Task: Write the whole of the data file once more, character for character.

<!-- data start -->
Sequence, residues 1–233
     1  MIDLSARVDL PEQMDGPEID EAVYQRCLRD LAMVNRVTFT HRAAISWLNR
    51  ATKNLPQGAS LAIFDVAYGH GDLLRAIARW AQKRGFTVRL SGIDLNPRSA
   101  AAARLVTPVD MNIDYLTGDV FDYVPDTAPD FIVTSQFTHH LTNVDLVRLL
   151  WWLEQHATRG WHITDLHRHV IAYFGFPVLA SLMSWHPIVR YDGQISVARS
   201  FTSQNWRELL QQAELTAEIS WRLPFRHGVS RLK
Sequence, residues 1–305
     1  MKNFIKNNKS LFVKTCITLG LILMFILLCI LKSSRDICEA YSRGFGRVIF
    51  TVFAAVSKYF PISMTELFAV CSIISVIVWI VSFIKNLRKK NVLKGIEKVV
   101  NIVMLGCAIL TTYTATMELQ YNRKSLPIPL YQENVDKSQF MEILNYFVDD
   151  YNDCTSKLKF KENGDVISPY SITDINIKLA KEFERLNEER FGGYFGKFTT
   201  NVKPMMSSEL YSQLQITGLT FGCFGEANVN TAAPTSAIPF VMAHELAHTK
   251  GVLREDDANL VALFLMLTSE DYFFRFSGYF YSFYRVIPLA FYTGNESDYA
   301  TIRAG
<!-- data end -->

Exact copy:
Sequence, residues 1–233
     1  MIDLSARVDL PEQMDGPEID EAVYQRCLRD LAMVNRVTFT HRAAISWLNR
    51  ATKNLPQGAS LAIFDVAYGH GDLLRAIARW AQKRGFTVRL SGIDLNPRSA
   101  AAARLVTPVD MNIDYLTGDV FDYVPDTAPD FIVTSQFTHH LTNVDLVRLL
   151  WWLEQHATRG WHITDLHRHV IAYFGFPVLA SLMSWHPIVR YDGQISVARS
   201  FTSQNWRELL QQAELTAEIS WRLPFRHGVS RLK
Sequence, residues 1–305
     1  MKNFIKNNKS LFVKTCITLG LILMFILLCI LKSSRDICEA YSRGFGRVIF
    51  TVFAAVSKYF PISMTELFAV CSIISVIVWI VSFIKNLRKK NVLKGIEKVV
   101  NIVMLGCAIL TTYTATMELQ YNRKSLPIPL YQENVDKSQF MEILNYFVDD
   151  YNDCTSKLKF KENGDVISPY SITDINIKLA KEFERLNEER FGGYFGKFTT
   201  NVKPMMSSEL YSQLQITGLT FGCFGEANVN TAAPTSAIPF VMAHELAHTK
   251  GVLREDDANL VALFLMLTSE DYFFRFSGYF YSFYRVIPLA FYTGNESDYA
   301  TIRAG